The advent of the new order of internal space separated family from domestic staff. This produced a need for preparation and storage areas, as well as places for staff to live. As a consequence, large basements or lower ground accommodation, with windows, external doors and chimney breasts were introduced at this level, not only in stately homes, but also in terraced houses. Perhaps the high point, as it were, of lower ground floor space can be seen in Georgian and Victorian vernacular housing. A walk around a Georgian development like Edinburgh’s New Town shows a wide range of sub-floor accommodation with front and rear access and raised upper ground floors.
By the end of the 19th century, as domestic staff were lost and food refrigeration and canning became available in the early 20th century, the need for storage cellars disappeared. Nevertheless, lower ground floor accommodation is still being built, and in the larger towns and cities where planning restrictions and limited building space have created new pressures, many old cellars and lower floor kitchen and service areas are being converted into living accommodation.
Whatever the form, all structures below ground level are vulnerable to a range of problems, but damp and water penetration will always be high on the list. In most cellars, of which there are well over 550,000 in England alone, the walls and floors alone provide the barrier between the ground and the interior. However, many basements were more elaborately constructed with barriers and wall cavities to shield the interior from penetrating damp. Wall cavities provide a buffer, affected by condensation from the interior and damp from the exterior, which could then be drained. Running away from the outer edge of the walls might be land drains to divert water away from the house, especially from the up-hill side of the dwelling, and from surface water run-off from the building itself.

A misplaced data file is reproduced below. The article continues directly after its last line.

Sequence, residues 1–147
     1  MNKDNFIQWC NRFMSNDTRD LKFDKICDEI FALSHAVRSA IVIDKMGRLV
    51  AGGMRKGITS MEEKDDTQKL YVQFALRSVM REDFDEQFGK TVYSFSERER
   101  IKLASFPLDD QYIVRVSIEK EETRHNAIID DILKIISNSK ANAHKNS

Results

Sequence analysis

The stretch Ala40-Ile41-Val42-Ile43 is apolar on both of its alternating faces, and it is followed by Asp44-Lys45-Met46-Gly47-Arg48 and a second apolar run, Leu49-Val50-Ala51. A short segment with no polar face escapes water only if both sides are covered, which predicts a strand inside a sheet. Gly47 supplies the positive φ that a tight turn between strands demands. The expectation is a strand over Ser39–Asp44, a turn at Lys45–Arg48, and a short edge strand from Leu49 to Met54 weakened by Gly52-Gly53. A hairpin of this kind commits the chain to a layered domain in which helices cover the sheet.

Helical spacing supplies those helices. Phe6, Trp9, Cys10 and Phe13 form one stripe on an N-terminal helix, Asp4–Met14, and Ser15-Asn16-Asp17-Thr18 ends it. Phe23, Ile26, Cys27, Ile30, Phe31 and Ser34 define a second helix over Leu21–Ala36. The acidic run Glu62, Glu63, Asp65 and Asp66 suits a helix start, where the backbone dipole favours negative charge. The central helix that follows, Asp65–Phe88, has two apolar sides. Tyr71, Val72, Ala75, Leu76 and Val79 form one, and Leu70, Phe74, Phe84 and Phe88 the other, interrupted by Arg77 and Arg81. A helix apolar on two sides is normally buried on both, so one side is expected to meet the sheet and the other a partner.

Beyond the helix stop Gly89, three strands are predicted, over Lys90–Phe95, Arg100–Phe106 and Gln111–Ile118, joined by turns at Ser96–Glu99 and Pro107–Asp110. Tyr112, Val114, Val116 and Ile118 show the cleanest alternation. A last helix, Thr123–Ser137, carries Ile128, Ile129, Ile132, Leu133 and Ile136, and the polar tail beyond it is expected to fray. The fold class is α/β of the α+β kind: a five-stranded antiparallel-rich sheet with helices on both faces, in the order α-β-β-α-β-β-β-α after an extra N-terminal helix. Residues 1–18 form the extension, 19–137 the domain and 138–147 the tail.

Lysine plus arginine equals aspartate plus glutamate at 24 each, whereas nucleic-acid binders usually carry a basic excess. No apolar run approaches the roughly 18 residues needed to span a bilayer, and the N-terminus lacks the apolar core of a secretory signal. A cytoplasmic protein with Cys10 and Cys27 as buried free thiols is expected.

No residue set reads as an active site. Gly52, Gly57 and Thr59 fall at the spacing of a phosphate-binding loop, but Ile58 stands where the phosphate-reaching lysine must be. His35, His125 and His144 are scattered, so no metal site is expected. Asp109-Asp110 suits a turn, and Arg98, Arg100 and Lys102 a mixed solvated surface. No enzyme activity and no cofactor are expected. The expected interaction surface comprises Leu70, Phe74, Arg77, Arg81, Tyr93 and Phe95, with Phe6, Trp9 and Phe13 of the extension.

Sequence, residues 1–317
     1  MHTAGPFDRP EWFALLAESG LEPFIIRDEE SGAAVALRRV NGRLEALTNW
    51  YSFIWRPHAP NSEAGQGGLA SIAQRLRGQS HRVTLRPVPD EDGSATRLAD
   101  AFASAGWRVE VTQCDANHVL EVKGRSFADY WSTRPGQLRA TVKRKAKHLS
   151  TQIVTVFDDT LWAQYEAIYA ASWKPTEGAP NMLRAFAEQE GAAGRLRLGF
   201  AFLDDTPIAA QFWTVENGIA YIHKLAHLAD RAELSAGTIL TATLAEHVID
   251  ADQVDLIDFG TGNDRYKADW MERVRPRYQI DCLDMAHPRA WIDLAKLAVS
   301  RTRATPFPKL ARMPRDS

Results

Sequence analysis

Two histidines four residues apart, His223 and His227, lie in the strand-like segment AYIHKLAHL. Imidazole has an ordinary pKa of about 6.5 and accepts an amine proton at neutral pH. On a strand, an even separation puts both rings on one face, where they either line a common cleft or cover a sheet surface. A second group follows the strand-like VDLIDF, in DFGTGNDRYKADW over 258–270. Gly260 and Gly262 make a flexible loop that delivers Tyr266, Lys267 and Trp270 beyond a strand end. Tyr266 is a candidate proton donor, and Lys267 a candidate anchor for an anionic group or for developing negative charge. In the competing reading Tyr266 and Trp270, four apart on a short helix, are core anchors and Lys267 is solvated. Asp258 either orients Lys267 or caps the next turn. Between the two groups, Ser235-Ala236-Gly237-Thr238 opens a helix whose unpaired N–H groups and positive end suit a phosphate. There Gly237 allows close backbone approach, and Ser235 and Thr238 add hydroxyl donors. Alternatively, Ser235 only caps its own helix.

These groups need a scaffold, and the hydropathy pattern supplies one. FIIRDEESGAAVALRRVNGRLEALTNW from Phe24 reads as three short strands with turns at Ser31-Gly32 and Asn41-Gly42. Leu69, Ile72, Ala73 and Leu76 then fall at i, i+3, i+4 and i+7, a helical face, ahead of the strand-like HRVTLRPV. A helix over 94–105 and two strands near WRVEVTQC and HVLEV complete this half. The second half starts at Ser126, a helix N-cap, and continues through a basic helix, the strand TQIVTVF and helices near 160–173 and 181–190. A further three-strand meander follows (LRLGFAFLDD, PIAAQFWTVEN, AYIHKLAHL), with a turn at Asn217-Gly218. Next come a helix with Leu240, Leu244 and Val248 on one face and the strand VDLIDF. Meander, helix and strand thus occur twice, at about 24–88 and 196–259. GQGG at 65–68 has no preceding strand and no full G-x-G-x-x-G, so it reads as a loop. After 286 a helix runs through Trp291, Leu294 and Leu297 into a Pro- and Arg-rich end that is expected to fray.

Such methods of keeping habitable, below ground spaces dry, certainly date from the Georgian period, although there may be earlier examples.
Water which appears on retaining walls or floors today may come from the exterior, due to penetrating or rising damp and in some cases through leaking land drains or sewers, streams, and a fluctuating water table. But it may also be the result of condensation or leaks from internal services. All possibilities need to be considered.
When first built, most below ground structures were fit-for-purpose, with floors and ceilings that were fairly level and walls that were close to vertical. Otherwise they would not have survived, often for many hundreds of years. It must also be the case that when such lower level spaces were first built they would have been generally usable and relatively dry, if only by the standards of the day. (A cellar built without any damp-proofing will always be slightly damp when compared with a modern tanked alternative.) Thus any problems that we find on site today are likely to be the result of a change in circumstance from that position, and we need to ask the simple question: what might have changed? To answer this we need to look for evidence on site: